Although canola is a moderately salt-tolerant species, its growth, seed yield, and oil production are markedly reduced under salt stress, particularly during the early vegetative growth stage. To identify the mechanisms of salt responsiveness in canola, the proteins expressed in the second and third newly developed leaves of salt-tolerant, Hyola 308, and salt-sensitive, Sarigol, cultivars were analyzed. Plants were exposed to 0, 175, and 350mM NaCl during the vegetative stage. An increase in the Na content and a reduction in growth were observed in the third leaves compared to the second leaves. The accumulation of Na was more pronounced in the salt-sensitive compared with the salt-tolerant genotype. Out of 900 protein spots detected on 2-DE gels, 44 and 31 proteins were differentially expressed in the tolerant and susceptible genotypes, respectively. Cluster analysis based on the expression level of total and responsive proteins indicated that the second leaves had a discriminator role between the two genotypes at both salinity levels. Using MS analysis, 46 proteins could be identified including proteins involved in responses to oxidative stress, energy production, electron transport, translation, and photosynthesis. Our results suggest that these proteins might play roles in canola adaptation to salt stress.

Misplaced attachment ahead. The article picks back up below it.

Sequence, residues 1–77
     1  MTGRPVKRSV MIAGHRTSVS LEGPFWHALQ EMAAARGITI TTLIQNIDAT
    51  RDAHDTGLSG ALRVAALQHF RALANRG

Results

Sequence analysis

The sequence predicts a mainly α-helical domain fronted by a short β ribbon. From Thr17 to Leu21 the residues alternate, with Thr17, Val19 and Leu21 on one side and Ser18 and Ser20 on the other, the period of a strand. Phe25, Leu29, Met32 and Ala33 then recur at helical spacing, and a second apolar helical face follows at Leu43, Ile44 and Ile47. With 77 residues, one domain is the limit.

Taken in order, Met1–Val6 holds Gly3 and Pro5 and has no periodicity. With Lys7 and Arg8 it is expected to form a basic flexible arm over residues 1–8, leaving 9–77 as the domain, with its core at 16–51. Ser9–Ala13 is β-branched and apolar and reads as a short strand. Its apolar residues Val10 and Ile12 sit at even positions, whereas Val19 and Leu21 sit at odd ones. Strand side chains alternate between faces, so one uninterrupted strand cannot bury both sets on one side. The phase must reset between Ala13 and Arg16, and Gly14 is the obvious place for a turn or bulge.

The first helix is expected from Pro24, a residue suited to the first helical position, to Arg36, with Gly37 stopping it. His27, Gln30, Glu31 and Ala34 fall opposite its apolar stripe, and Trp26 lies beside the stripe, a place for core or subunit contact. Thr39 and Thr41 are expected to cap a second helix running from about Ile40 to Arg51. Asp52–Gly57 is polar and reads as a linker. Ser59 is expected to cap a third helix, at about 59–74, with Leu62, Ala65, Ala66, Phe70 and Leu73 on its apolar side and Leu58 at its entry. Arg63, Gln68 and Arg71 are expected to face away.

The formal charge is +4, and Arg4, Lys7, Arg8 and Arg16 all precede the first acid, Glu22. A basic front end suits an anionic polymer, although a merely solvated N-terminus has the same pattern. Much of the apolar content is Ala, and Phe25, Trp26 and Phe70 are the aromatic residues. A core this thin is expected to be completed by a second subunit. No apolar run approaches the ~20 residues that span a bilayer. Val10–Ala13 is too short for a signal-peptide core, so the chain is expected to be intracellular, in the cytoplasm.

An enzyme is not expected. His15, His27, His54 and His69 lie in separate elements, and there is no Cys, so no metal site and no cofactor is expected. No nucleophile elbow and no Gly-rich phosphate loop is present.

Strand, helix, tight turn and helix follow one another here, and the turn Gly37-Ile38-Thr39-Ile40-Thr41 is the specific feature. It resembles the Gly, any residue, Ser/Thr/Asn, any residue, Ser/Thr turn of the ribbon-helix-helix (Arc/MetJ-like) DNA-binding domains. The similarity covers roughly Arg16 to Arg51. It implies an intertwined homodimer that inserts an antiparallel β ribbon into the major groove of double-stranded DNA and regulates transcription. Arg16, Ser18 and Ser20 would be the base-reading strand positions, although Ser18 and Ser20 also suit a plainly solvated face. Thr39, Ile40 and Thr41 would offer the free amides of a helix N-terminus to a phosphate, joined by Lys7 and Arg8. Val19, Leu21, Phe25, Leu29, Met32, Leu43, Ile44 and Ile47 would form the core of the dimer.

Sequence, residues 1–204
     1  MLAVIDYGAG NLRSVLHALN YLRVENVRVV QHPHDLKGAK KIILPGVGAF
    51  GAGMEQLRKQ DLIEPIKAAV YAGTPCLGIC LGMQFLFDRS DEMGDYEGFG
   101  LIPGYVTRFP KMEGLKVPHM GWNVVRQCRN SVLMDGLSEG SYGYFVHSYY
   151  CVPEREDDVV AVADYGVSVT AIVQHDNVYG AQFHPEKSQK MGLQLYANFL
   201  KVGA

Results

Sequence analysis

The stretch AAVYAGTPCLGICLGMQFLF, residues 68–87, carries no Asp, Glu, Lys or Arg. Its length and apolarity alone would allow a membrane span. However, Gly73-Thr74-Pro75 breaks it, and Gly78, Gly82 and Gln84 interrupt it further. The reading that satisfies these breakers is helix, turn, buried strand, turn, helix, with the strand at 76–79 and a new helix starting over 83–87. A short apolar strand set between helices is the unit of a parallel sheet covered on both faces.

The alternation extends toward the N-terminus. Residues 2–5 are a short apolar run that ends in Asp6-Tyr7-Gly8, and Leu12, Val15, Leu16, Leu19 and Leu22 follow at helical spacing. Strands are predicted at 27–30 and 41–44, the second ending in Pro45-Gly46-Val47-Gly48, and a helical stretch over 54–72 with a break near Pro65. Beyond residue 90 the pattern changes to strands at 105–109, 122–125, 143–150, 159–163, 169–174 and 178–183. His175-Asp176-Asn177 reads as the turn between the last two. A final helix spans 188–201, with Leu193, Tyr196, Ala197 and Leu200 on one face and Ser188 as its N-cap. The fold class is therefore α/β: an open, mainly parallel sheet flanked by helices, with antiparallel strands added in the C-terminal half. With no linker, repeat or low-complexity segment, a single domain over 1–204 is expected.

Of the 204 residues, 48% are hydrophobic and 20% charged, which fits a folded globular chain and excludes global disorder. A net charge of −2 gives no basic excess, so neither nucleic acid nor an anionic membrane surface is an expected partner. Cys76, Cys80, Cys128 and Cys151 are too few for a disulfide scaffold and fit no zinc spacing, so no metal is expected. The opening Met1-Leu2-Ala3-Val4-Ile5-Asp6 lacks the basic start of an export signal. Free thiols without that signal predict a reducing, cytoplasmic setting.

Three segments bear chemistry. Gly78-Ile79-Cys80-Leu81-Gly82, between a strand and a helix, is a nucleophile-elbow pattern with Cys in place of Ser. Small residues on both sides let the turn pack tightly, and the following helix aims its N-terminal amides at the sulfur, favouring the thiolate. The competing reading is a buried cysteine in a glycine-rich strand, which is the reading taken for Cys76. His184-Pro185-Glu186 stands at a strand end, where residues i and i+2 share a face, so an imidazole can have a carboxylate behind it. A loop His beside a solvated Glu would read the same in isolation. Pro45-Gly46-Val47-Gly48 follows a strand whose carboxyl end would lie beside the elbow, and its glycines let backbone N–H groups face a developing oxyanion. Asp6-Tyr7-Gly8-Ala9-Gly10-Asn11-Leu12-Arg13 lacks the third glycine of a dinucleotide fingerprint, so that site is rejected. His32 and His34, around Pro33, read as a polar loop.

- Oxidative stress
- Plant proteomics